Texas is still lagging far behind many states in regulating payday loan operations. Many consumer advocates want tougher rules and clearer disclosures so that fewer low-income families find themselves struggling to repay payday loans which often come with interest of up to 400 percent. The payday loan industry argues that they are offering a valuable service to those who have no other options, while consumer advocates insist that many borrowers simply don't understand that payday loans are very risky and expensive.
The reality is that while it is true that many borrowers don't really understand the risk they are taking on when they sign up for a payday loan, it is also true that there aren't many options for short-term loans available for those with low-income, bad credit and no savings. Payday loans offer a quick and expensive way to remedy short-term problems while simultaneously creating even bigger long-term problems for borrowers. Many borrowers already struggling financially enter into a vicious cycle of indebtedness when they sign-up for payday loans and this is something that can only be addressed through stiffer regulations.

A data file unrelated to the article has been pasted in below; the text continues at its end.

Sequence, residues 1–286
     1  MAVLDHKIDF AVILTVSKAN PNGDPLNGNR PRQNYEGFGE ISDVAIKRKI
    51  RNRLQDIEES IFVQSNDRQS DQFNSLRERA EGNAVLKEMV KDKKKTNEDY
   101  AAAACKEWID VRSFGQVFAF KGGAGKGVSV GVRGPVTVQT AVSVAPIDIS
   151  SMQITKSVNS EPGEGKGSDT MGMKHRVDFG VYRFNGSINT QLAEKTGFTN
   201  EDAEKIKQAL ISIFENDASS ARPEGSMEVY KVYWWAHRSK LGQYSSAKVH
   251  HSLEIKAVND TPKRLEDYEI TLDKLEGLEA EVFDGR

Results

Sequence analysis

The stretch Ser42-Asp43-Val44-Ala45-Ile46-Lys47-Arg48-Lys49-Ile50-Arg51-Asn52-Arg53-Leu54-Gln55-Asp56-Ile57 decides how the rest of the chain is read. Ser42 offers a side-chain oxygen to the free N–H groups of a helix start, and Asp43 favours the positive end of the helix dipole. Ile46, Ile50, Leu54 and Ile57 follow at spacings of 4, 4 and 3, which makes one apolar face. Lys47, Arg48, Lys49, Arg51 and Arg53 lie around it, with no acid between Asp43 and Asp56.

Many oppose stiffer regulations on the payday loan industry because they say that it will create an environment where payday lenders will disappear. But the reality is that if there is a need for short-term loans such as payday loans and there is profit to be made, players will always be willing to operate even amidst tougher standards. Just as we regulate housing and electronic goods, we must also regulate payday lending so that borrowers can at least receive a product which is not automatically a "poison" pill to their financial health.